By JAMIE PARSELL-NULL
Bluefield Daily Telegraph
One of the first relationship discussions my husband and I had when we were dating was over my spontaneous runs around town. He knows I love to run. One of our first dates included a seven-mile run through Princeton. So he supports my hobby and tags along, even when he is tired or sleepy. Or if its in unfamiliar town, like on our honeymoon, he will find a park bench and drink his morning coffee, while I run through a park. Then there are days he tells me I am crazy to get up with the sun to go run. Our slight disagreement came about after I ran through an area that wasn’t safe. I knew he was right deep down. I was being stubborn. But I promised to never run down that street again. That isn’t the only thing my husband has taught me about safety. Because of him, I am more aware of my surroundings. I don’t use my phone in parking lots or dig around for keys in dark pockets and big, messy purses when I am alone. (I prefer to lose my keys at home.) If I go running, I keep my feet on the streets that are close to home or run with a friend. I realized I wasn’t being independent when I ignored my safety. I was being stupid.
We think things won’t happen here in our small town. Yet we read countless stories of cruelty. Newspapers are filled with articles about the latest crime trends like the “knock-out game,” where teenagers try to knock out innocent individuals with one punch. Our neighborhoods, with church steeples on every corner, and big front porches, create a warm, safe environment. But that’s just an image and it is broken day after day, in towns just like ours. Our hobbies, like running and walking, put us in the open. Our gender can work against us in certain situations. The very things we love can put us in danger. I would rather be safe than fit. That teachable moment back in the summer— yes, that was what it was — made a difference in how I view safety and fitness.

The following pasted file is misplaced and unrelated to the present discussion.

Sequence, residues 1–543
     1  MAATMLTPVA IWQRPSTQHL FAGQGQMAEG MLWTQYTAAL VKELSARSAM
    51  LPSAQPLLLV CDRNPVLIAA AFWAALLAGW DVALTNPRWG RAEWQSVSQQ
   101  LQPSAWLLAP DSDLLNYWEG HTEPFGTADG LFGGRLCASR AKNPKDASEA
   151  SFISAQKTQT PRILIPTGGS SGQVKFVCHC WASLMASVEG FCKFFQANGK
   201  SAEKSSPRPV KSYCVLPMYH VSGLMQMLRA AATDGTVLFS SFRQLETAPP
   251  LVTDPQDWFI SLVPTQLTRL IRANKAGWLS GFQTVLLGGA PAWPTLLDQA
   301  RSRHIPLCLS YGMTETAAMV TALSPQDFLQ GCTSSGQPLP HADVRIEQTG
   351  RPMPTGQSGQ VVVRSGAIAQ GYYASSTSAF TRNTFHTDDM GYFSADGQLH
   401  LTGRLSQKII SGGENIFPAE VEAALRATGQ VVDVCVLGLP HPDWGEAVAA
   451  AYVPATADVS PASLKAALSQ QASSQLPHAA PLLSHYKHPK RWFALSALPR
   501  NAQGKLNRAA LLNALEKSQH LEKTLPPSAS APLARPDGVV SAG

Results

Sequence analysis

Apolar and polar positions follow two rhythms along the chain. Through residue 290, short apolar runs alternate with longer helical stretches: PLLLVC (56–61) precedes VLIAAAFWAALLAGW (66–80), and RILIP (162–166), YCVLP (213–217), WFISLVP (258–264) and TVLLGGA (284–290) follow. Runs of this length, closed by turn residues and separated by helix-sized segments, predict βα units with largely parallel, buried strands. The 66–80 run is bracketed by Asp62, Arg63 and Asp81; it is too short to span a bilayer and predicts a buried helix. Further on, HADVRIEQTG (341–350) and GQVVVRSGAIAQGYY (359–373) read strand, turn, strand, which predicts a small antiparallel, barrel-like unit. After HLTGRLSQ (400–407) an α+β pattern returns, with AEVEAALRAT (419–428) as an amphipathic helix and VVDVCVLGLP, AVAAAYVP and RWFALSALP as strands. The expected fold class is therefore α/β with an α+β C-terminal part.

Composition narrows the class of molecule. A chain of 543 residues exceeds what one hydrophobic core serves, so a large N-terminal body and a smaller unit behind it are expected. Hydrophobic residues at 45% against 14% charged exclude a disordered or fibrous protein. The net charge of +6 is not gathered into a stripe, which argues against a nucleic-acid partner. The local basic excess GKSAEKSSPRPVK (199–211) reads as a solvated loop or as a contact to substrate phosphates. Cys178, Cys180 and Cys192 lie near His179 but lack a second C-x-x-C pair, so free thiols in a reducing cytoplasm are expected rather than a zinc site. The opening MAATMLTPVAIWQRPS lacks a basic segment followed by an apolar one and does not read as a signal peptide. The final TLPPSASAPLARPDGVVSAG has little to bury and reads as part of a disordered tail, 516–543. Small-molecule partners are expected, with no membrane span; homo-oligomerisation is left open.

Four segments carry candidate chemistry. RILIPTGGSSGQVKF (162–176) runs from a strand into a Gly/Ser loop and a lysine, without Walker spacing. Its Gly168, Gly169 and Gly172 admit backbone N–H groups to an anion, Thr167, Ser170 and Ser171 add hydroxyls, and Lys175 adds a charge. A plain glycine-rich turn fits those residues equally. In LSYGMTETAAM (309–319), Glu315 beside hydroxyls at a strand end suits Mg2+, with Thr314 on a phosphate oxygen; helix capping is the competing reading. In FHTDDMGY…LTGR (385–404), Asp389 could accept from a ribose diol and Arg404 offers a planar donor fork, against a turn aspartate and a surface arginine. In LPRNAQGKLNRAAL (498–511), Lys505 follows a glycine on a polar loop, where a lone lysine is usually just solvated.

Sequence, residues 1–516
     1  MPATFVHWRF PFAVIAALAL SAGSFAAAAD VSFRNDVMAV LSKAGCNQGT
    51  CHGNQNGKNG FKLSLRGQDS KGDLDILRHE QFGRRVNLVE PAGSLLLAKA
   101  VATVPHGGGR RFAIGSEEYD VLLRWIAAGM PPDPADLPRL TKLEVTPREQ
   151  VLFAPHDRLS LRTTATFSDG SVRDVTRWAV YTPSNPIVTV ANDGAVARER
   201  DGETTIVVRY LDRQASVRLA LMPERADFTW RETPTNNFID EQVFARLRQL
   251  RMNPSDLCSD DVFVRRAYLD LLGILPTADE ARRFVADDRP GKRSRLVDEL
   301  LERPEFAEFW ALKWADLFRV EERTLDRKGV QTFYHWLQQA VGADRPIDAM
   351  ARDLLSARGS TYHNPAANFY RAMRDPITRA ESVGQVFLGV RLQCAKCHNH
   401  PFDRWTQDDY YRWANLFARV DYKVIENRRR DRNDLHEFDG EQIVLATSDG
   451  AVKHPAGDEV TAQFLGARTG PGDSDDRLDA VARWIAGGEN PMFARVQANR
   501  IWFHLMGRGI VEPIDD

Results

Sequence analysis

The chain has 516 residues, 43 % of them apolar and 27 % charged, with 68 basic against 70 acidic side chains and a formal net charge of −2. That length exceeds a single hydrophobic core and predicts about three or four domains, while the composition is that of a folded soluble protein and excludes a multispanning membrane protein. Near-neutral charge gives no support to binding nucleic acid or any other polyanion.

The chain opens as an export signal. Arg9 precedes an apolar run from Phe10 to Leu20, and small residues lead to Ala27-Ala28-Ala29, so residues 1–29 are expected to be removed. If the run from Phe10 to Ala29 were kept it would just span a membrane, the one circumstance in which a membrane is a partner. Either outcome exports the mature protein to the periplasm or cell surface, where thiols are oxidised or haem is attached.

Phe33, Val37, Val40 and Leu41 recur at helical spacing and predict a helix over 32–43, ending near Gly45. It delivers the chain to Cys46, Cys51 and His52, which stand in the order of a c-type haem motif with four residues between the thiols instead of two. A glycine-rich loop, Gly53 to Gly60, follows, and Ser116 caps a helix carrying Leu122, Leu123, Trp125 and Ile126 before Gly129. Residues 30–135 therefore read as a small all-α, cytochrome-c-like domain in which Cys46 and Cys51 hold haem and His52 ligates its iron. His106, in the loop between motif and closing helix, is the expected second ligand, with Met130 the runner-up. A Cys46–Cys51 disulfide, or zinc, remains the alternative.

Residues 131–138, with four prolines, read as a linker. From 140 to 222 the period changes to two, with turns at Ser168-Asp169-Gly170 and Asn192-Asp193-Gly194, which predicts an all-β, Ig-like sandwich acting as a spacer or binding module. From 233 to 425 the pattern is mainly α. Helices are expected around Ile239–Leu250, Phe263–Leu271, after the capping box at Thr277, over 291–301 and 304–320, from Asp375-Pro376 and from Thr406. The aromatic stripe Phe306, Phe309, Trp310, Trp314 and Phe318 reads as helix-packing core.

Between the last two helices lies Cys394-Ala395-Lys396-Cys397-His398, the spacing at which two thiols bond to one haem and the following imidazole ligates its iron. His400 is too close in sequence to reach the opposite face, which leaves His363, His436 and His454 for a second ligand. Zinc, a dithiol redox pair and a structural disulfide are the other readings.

When I moved to Bluefield, the new roads beckoned for my feet to hit the pavement. So I did, up until the snow and rain started to fall from the sky. I checked into a gym, but I was surprised by the lack of staff and a keyless entry. I became concerned about the possibility of medical emergencies, general help, security issues and more. I asked questions, but none of the answers eased my concerns. Keyless entries are used in big cities. I looked up a few on the Internet. But I also discovered the use of keyless entries in gym with no staff is part of a long battle between fitness industry leaders and business owners. An article in Athletic Business, didn’t support the idea. The article stated keyless entry actually cost more in the long run due to members wanting more security. One facility finally gave members emergency response necklaces and installed panic buttons. A panic button in a community center? Wouldn’t it be simpler to pay to staff the front desk?
It is argument with valid points from both sides. But safety should come first, each and every time. I hesitated writing this column. I have been writing about weddings, decorating and newlywed life. But this time, I couldn’t help but write about my concerns as a member of a new community. As a female, I am constantly warned about the potential danger. I feel that I have a responsibility to pay attention and observe my surroundings, to be alert and stay safe. We all have this responsibility to ourselves and our families. And as for a business, I believe they should care about the safety of their customers. Even the ones that call with questions.
Jamie Parsell-Null is the Lifestyle editor of the Daily Telegraph. Contact her at email@example.com or on Twitter @BDTParsell.